Uni student invents award-winning plastic alternative made of organic marine waste

Lucy Hughes, a 24 year old University of Sussex graduate in Product Design was the winner of the International James Dyson Award 2019 for her plastic alternative made of organic marine waste, Marinatex.

Lucy’s inspiration for the project was over dependency on plastic and the damage it has subsequently caused to the environment, as well as a system that is restorative and regenerative by design.

Unwanted offcuts from the fish processing industry creates a huge waste stream. These offcuts compromise of offal, blood, crustacean and shellfish exoskeletons and fish skins and scales – the bits that end up in landfill rather than on our plates. Through extensive research, Lucy found that fish skins and scales were the most promising materials to form the basis of a bioplastic as they contain strong and flexible protein structures. 

In order to allow these proteins to attach to one another to create a brand new material, Lucy set about finding an organic binder. Keen to keep the solution local in order to reduce transportation, she looked to the coastline on her doorstep, experimenting with different organic marine binders but finally settling on agar. It took over 100 different experiments to refine the material and process, most of which she did on the kitchen stove in her student accommodation. She finally created a consistent and plastic-like material that was both biodegradable and translucent, MarinaTex.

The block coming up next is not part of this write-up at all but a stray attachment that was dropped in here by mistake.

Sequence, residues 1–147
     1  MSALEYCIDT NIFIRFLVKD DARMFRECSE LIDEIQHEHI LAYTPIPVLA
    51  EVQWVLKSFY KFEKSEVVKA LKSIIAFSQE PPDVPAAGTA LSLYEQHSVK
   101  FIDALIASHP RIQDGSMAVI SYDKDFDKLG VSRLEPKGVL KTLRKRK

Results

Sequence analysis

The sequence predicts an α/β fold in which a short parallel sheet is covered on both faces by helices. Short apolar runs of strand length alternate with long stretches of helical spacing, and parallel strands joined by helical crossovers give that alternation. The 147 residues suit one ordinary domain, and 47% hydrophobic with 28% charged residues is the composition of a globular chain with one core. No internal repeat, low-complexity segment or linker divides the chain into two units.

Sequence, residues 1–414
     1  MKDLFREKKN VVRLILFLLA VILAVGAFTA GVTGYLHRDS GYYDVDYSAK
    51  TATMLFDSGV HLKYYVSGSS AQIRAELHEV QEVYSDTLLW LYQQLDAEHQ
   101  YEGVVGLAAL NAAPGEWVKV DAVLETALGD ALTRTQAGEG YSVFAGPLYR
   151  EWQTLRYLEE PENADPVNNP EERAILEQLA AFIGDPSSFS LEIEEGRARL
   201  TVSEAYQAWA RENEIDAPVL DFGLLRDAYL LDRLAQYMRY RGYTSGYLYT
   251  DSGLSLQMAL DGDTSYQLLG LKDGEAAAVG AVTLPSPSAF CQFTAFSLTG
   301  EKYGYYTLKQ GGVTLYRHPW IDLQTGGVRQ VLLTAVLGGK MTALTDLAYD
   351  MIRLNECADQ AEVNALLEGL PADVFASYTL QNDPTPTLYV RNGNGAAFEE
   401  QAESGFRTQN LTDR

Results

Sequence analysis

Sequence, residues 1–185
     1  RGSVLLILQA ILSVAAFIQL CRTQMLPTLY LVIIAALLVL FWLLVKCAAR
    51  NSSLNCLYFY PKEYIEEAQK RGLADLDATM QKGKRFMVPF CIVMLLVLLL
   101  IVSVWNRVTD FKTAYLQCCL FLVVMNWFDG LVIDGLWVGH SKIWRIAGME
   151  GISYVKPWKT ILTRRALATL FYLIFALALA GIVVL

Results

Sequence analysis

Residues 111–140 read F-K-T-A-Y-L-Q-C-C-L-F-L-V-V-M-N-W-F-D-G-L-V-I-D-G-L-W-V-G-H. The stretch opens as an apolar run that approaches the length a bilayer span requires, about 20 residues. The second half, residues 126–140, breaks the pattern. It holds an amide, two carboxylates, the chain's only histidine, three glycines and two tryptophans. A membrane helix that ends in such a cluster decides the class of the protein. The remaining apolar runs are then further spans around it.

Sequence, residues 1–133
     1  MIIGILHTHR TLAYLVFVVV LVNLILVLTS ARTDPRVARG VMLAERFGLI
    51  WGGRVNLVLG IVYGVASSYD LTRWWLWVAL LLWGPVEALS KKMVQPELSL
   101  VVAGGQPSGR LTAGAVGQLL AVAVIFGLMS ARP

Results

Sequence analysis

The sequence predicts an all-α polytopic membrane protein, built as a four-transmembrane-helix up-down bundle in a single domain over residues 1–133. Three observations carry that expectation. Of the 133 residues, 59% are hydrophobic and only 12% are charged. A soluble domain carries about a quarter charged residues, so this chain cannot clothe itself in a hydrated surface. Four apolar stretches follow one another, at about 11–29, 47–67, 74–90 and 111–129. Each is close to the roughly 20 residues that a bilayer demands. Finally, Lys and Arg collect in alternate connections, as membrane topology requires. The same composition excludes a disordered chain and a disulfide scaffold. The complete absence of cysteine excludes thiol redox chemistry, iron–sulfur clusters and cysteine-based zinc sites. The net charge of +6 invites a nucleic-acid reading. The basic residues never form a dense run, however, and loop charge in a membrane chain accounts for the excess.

MarinaTex is still in its infancy, and is not yet at production stage. The end goal is to bring the material to market and offer it as a viable alternative to single-use plastic films. As a winner of the James Dyson Award, this provides a huge kick start to getting MarinaTex through the next phase of R&D and towards production.

Lucy says “The response from the packaging industry has been overwhelmingly positive. It’s encouraging to see suppliers looking for more sustainable packaging options across all sectors.”

Sir James Dyson says “MarinaTex elegantly solves two problems: the ubiquity of single-use plastic and fish waste. Further research and development will ensure that MarinaTex evolves further, and I hope it becomes part of a global answer to the abundance of single use plastic waste.”

Entries for the James Dyson Award 2020 close July 16. For more information go to Jamesdysonaward.org

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